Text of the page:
Every team insists that talent trumps need in the draft, but under vice president of player personnel Rick Spielman, the Vikings have drafted for need more often than you might think. Consider 2010. The Vikings entered the draft knowing their depth was thin behind injured cornerback Cedric Griffin, who was rehabilitating a torn anterior cruciate ligament. They also had lost backup tailback Chester Taylor via free agency. Their first two picks? Cornerback Chris Cook and running back Toby Gerhart. In 2009, they wanted to replace right tackle Ryan Cook. The answer was Phil Loadholt, their second-round pick. In 2008, the Vikings traded up to draft safety Tyrell Johnson because they knew starter Darren Sharper was entering his final season. There's a difference between taking what the draft gives you and maneuvering to make sure it gives you what you want. The Vikings lean toward the latter under Spielman.
Each Thursday leading up to the NFL draft (April 28-30), the ESPN.com NFL blog network will take a division-by-division look at key aspects of the draft. Today's topic: decision-makers.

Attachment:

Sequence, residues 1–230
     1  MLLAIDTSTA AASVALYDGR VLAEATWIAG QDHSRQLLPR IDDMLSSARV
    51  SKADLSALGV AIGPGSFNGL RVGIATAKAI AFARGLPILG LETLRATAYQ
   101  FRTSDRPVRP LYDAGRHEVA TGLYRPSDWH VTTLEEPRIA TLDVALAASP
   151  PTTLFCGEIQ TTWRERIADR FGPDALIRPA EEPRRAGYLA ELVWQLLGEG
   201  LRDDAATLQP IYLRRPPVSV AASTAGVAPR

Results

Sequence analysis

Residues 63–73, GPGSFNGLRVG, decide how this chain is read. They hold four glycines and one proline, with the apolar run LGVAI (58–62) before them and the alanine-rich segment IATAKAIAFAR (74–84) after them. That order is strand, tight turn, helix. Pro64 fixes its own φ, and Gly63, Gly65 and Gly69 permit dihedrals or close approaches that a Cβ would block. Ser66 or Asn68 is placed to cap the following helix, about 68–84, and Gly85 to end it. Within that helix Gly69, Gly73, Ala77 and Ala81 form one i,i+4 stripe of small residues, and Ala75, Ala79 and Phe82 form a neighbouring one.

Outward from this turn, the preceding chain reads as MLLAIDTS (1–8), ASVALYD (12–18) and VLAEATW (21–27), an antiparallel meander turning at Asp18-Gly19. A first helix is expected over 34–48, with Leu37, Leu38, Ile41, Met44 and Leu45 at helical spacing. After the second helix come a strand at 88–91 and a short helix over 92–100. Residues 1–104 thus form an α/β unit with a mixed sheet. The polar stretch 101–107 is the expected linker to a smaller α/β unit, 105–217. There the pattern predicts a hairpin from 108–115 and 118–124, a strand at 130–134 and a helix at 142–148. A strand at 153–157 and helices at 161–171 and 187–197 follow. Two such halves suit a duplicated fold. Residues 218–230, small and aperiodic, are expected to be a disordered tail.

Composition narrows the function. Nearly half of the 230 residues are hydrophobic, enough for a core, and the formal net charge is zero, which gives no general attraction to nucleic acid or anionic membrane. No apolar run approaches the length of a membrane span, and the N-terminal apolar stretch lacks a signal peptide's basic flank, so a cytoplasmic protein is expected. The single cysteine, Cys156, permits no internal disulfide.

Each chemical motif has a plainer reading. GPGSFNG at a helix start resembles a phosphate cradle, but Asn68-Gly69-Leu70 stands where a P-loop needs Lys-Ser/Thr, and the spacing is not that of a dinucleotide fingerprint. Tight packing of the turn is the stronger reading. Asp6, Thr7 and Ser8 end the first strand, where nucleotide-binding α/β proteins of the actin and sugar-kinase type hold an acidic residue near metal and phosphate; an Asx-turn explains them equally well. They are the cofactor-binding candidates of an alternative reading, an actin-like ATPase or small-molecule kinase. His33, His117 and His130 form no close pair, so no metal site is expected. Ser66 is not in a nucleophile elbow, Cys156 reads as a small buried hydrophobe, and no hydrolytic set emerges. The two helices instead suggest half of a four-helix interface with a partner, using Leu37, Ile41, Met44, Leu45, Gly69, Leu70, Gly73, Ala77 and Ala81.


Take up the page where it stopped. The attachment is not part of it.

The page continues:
General manager Jerry Angelo remains in place for what will be his 10th draft with the Bears, but this will be his first under the new structure he established last spring. Director of college scouting Greg Gabriel left the organization, and director of player personnel Tim Ruskell is now Angelo's right-hand man on all personnel issues. There have been some changes in the internal process, but ultimately Angelo has the final say on draft day. It's been a while since Angelo had a full complement of draft picks after gutting the past two years in trades for quarterback Jay Cutler and defensive end Gaines Adams. He'll pick No. 29 overall this year, the first time he's had a first-round draft pick in three years. Angelo's success in the first round has been mixed. Two of the six players he's selected in the first round over his tenure, tight end Greg Olsen and offensive lineman Chris Williams, figure as starters in 2011.
In two drafts since the Lions named him general manager, Martin Mayhew has upgraded the team's talent level and given its fans hope for continued success. It's true that Mayhew has benefited from high selections in those drafts -- he's made four picks in the top 33 over that stretch -- but it's worth noting all of them appear set for long careers. Those who have followed the Lions closely over the years know that hasn't always been the case for high draft picks. Moreover, Mayhew has refused to allow his style to be classified. In 2009, he drafted tight end Brandon Pettigrew at No. 20 overall, his top-ranked player remaining on the board, despite bigger needs at other positions. On the other hand, he targeted tailback Jahvid Best last year as the answer to a specific need. All of which makes him difficult to predict next month, which I'm sure is just the way he likes it.
Green Bay Packers